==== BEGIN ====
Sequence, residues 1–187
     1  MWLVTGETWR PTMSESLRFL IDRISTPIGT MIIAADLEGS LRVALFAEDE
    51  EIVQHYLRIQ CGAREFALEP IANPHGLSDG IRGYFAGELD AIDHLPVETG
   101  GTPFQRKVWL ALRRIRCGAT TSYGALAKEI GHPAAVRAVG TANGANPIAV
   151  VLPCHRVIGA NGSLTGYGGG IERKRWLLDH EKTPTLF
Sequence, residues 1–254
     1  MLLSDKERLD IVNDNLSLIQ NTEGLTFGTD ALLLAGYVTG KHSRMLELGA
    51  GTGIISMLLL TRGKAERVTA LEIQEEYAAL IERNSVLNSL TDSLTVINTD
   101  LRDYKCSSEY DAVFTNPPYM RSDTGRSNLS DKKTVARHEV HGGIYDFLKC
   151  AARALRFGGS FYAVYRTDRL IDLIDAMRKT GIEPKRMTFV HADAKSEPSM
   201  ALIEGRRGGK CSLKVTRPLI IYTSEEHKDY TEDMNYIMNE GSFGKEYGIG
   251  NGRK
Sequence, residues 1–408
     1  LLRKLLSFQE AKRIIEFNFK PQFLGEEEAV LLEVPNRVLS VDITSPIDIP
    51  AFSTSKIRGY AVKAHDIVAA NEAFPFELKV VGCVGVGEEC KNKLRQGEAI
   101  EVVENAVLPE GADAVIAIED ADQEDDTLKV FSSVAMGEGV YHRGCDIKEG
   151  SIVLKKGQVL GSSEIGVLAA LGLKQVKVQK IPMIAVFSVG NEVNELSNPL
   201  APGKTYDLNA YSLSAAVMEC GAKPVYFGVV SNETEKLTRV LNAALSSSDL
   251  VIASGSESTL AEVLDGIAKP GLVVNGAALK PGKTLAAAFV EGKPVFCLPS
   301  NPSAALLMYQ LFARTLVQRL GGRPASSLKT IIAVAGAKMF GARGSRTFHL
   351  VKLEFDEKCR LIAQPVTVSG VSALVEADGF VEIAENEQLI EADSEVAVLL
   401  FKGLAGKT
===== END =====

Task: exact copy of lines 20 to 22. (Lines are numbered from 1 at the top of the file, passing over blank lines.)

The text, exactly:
   301  NPSAALLMYQ LFARTLVQRL GGRPASSLKT IIAVAGAKMF GARGSRTFHL
   351  VKLEFDEKCR LIAQPVTVSG VSALVEADGF VEIAENEQLI EADSEVAVLL
   401  FKGLAGKT